What’s Left of Luzon? Report keeps tabs on demolished building’s artifacts

It can be difficult to find evidence of the historic Luzon Building in downtown Tacoma.

Designed by famed Chicago architects John Wellborn Root and Daniel Hudson Burnham, the Luzon Building, which sat on the corner of South 13th Street and Pacific Avenue, was one of the first high-rise towers on the West Coast, the embodiment of engineering genius — sturdy brick shell, cast iron columns, and wood construction on the upper floors — that allowed the building to top out at a soaring height for 1890s Tacoma. It was an engineering model that would be copied and opened the door to the future development of “skyscrapers.”

More striking than its storied and recorded history, however, is the symbol of what the building represented. It was an artifact of a period of misguided public policy in Tacoma and the nation. In the name of “Urban Renewal,” dozens of Luzon-era buildings along Pacific Avenue were razed and replaced by parking lots and garages. Today, the stretch of Pacific Avenue between 13th Street and 9th Street is one of the ugliest areas of the center city.

On Sept. 26, 2009, a crowd gathered at dawn to watch contractors begin to demolish Luzon. The City of Tacoma deemed the historically significant building a safety hazard for fear it would collapse after decades of neglect. Despite protests from some Tacoma residents and historic preservationists, a demolition order was issued.

In 2008, the Tacoma Daily Index went inside the building for a feature article. At the time, I described the old building as “not unlike visiting the ‘Fight Club’ house: paint peeled from most surfaces like skin off a week-old sunburn; holes large enough to crawl through existed in some of the walls; water dripped from too many places to count; and a sheen of dirt covered most windows, affecting a misty glow on most floors. In many areas, floors sank like whirlpools stretching down to the next level. Ceilings comprised of central beams with rib-like planks bowed like giant rib cages.”

In an editorial published in the Index, Sharon Winters, at the time Historic Tacoma’s Board President, commented, “We mourn the loss of the Luzon, the City’s most significant architectural treasure. But we must take the lessons learned from this and the demolition of First United Methodist Church in 2007 and put policies and incentives in place to preserve significant historic structures which have just recently come to be regarded as assets.”

Last August, the City of Tacoma published a report detailing the artifacts left over from the demolition. The report was compiled by Artifacts Consulting of Tacoma, and recently highlighted by Historic Tacoma in an e-mail to its members. The 69-page report includes guidelines for preserving the artifacts, historic images, and even the 1979 nomination to place the building on the national register of historic places.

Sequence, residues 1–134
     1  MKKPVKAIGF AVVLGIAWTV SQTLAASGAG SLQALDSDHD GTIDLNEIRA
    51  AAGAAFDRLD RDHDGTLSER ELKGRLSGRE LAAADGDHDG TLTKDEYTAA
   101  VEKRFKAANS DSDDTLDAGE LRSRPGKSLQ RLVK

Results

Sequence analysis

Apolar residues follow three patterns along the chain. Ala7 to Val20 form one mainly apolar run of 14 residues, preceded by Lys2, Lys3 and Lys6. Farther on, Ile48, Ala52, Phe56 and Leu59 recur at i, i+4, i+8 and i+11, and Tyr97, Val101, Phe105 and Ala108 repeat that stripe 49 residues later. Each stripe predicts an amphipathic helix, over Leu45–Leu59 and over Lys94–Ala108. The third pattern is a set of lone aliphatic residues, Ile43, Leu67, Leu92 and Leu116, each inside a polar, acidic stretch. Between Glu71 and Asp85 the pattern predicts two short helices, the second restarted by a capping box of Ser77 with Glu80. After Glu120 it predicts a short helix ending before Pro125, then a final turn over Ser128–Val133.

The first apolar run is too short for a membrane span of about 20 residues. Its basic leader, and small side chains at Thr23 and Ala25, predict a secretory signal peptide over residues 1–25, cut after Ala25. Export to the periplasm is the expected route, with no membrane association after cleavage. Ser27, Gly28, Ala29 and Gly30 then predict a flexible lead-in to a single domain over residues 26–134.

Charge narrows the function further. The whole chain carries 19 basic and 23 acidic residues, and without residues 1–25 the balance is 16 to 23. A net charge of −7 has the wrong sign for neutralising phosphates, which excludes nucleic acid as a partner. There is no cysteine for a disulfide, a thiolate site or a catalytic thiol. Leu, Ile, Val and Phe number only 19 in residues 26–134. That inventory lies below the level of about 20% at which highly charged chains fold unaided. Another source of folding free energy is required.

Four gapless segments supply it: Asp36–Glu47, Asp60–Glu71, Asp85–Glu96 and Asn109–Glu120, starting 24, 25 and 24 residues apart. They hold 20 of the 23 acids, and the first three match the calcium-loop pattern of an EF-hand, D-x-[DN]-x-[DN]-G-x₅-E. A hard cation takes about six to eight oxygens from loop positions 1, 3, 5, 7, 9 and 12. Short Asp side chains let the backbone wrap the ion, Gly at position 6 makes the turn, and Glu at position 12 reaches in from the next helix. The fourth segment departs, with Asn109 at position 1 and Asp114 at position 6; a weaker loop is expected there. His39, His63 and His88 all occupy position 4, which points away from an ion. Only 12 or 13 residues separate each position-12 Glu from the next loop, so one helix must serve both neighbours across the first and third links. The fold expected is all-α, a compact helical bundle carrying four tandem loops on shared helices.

What’s left of the Luzon Building?

More than 450 interior and exterior artifacts ranging from less than one pound (a variety of bells) to more than 2,000 pounds (cast iron columns), according to the report. The report notes approximately 400 bricks, five cast iron columns, decorative metal work, a fire hose reel, nearly two-dozen terra cotta panels, and the fly wheel, controller, oak door, and floor indicator panel that was once part of the building’s Otis elevator were saved. The artifacts, which belong to the City of Tacoma, are in various states of decay and locked away in two portable storage containers leased by the city at a secure site. The report recommends the artifacts would be in good hands if handed over to museums, university campuses, or non-profit organizations with interests in historic preservation, preferably based in Tacoma, and with the ability to care for the artifacts and make them available for public viewing.

The complete report, entitled “The Luzon: Artifacts Inventory,” is online here.

Bricks, an elevator fly wheel, a fire hose reel, and an elevator operator controller are some of the 450 artifacts left over after the 1891 Luzon Building in downtown Tacoma was demolished in 2009. (ARTIFACT PHOTOS COURTESY CITY OF TACOMA / LUZON BUILDING FILE PHOTO BY TODD MATTHEWS)

To read the Tacoma Daily Index‘s complete and comprehensive coverage of the Luzon Building, click on the following links:

Todd Matthews is editor of the Tacoma Daily Index and recipient of an award for Outstanding Achievement in Media from the Washington State Department of Archaeology and Historic Preservation for his work covering historic preservation in Tacoma and Pierce County. He has earned four awards from the Society of Professional Journalists, including third-place honors for his feature article about the University of Washington’s Innocence Project; first-place honors for his feature article about Seattle’s bike messengers; third-place honors for his feature interview with Prison Legal News founder Paul Wright; and second-place honors for his feature article about whistle-blowers in Washington State. His work has also appeared in All About Jazz, City Arts Tacoma, Earshot Jazz, Homeland Security Today, Jazz Steps, Journal of the San Juans, Lynnwood-Mountlake Terrace Enterprise, Prison Legal News, Rain Taxi, Real Change, Seattle Business Monthly, Seattle magazine, Tablet, Washington CEO, Washington Law & Politics, and Washington Free Press. He is a graduate of the University of Washington and holds a bachelor’s degree in communications. His journalism is collected online at wahmee.com.